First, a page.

DENVER – Broker Associate Beth Baker Owens of Your Castle Real Estate in Denver, lists the two questions most people fail to ask when interviewing a Realtor.
When choosing a Realtor, you are choosing a real estate professional to help you with buying or selling your home.
Buying or selling a home is a big investment of time and resources.
“You want a champion in your corner to translate market movements and lay out the process and the paperwork, an expert to market your home and get you the best value,” said Owens. “Choose wisely and win.”
The usual list of questions to ask a Realtor during an interview include, “How long have you been in the real estate business? How many homes have you sold and where? What is your specialty (an area, a type of buyer or seller)? What services and guarantees do you offer me? How do you communicate with your clients? How do you get paid for your services?”
Real estate is a demanding and an ever-changing business. “You want a professional who handles the stresses with panache and who knows how the market is changing,” stressed Owens.
The following two questions are usually left out of the list of imperative questions to ask:
• No. 1: How do you keep up with market trends and apply that to my situation?
• No. 2: What are you doing to improve your skills and capabilities this year?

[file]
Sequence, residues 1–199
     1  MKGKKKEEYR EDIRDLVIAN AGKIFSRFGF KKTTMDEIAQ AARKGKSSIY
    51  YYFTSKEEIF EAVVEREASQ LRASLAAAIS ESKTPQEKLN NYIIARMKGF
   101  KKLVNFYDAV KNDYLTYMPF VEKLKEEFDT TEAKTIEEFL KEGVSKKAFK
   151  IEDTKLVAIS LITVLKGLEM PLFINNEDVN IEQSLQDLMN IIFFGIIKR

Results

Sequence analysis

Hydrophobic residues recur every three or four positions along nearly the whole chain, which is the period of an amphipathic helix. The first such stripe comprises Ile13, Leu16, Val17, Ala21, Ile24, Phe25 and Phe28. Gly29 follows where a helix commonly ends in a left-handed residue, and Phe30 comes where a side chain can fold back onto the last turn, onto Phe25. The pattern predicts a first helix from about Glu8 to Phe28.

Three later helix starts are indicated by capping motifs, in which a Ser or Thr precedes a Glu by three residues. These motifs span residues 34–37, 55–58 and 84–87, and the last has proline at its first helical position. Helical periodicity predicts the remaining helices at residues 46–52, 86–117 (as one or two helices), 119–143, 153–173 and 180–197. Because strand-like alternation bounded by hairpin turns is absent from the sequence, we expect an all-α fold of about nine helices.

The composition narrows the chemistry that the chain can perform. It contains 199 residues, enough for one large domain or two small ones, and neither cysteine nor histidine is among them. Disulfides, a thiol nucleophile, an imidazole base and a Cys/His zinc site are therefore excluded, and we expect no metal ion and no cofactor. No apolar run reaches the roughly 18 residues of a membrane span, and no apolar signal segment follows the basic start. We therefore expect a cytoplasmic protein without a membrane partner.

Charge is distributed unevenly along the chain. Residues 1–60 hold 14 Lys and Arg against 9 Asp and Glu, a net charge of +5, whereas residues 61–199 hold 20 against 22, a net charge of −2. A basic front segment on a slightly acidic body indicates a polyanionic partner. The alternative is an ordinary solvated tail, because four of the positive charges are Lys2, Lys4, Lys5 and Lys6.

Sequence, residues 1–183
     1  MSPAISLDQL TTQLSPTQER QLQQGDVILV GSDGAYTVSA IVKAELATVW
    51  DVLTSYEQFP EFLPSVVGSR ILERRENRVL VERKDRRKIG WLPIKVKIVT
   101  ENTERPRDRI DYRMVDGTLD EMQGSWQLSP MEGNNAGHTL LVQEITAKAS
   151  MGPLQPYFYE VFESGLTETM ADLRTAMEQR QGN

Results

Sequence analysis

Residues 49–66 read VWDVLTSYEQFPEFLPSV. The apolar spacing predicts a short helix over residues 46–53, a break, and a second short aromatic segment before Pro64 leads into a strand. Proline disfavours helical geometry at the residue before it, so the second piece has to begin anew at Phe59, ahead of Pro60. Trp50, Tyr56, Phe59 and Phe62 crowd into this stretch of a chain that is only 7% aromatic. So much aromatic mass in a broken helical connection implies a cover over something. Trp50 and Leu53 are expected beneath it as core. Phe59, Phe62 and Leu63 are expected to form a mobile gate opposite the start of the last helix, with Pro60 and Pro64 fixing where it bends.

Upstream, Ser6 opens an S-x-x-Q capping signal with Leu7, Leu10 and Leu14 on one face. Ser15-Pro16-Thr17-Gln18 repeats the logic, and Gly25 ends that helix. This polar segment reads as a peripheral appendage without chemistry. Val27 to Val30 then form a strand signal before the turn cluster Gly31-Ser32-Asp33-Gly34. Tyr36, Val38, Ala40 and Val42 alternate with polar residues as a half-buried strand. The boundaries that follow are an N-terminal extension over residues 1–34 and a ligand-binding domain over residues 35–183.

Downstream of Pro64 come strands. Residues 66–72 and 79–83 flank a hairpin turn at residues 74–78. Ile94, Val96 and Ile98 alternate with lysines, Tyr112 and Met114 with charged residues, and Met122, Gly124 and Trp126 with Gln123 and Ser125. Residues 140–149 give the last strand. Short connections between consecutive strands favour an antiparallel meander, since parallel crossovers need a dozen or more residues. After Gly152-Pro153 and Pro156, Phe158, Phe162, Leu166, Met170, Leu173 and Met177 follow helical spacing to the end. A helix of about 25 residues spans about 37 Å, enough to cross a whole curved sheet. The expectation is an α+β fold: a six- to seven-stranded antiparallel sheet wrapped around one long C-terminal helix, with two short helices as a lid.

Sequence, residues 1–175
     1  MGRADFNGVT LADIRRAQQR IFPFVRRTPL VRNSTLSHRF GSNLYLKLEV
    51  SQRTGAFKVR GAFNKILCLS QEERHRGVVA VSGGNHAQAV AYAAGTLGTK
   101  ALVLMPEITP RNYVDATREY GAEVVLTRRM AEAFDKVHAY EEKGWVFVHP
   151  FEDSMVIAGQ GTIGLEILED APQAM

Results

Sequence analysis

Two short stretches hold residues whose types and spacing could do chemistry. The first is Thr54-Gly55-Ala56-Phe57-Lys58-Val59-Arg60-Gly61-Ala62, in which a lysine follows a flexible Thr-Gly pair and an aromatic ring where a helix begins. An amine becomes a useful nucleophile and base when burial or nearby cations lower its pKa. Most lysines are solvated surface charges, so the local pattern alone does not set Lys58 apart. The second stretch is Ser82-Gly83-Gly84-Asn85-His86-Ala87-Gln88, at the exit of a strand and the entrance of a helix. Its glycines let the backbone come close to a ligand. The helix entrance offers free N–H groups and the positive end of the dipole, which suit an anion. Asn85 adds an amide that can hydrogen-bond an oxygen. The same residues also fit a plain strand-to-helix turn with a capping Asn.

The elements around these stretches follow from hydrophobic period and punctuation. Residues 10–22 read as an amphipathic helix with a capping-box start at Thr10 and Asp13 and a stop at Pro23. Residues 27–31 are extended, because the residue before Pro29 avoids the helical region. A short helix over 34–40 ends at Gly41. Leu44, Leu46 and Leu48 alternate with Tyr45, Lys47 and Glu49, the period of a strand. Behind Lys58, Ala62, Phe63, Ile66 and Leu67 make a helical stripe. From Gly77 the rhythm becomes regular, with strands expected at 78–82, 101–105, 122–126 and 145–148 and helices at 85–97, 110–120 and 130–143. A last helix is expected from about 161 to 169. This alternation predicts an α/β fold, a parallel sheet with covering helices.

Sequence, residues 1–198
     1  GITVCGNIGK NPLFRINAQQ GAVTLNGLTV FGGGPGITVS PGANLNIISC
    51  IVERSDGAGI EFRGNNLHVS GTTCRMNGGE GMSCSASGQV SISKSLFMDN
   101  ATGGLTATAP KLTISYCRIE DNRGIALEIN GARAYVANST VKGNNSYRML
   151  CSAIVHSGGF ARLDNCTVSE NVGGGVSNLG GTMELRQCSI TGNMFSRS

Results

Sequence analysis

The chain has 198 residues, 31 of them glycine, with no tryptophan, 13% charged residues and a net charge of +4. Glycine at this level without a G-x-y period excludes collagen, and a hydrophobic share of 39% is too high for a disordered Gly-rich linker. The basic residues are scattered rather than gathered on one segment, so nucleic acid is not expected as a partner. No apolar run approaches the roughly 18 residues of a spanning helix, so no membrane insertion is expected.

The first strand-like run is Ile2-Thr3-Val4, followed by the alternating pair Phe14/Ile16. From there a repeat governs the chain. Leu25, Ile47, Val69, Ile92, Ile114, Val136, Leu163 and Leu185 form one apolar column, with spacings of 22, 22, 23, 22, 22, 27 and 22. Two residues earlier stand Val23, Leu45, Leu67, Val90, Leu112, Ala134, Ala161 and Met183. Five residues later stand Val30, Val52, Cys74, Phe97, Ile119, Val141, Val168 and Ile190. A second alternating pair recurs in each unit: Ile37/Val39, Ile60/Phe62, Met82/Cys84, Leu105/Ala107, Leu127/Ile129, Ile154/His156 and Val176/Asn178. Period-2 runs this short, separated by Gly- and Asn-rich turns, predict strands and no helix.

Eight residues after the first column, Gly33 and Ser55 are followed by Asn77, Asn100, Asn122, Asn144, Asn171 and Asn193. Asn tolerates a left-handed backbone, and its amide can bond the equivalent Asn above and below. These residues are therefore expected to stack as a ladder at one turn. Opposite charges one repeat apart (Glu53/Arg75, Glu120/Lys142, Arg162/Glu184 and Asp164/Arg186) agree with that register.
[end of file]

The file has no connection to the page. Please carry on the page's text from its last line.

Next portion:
Recent news reports indicate real estate markets are slowing down in several areas around the US. Since real estate is local, it is crucial to know market specifics where you are buying or selling a property. Here are some key indicators a Realtor can measure and track:
• Price change trends
• Days on the market
• The amount and type of seller discounts
• Days to close
• How many under contract homes are not closing with the first offer
• Absorption rate
“Just as a good doctor evaluates more than your blood pressure, a good agent evaluates more than the home price,” notes Owens.
New technologies in homes and in our lives abound. Different generations focus on different values. Keeping on top of changes requires focus and energy. “Keep in mind that 87 percent of new agents are out of real estate within five years,” added Owens. “This means most people don’t innately have or easily develop the skills and capabilities needed to be a successful Realtor.”
Specific classes can provide new information. How does the Realtor apply that information? A Realtor who is being coached develops skills and capabilities to integrate new learning and to adapt. Coached Realtors also listen better and take action to provide better service for their clients.
“Coaching develops a Realtor’s resiliency and capability to handle situations,” concluded Baker Owens. “Buyers and sellers can get emotional during a transaction, so having a resilient and engaged Realtor means having a calm ally throughout the process. A growing Realtor is a better resource for you.”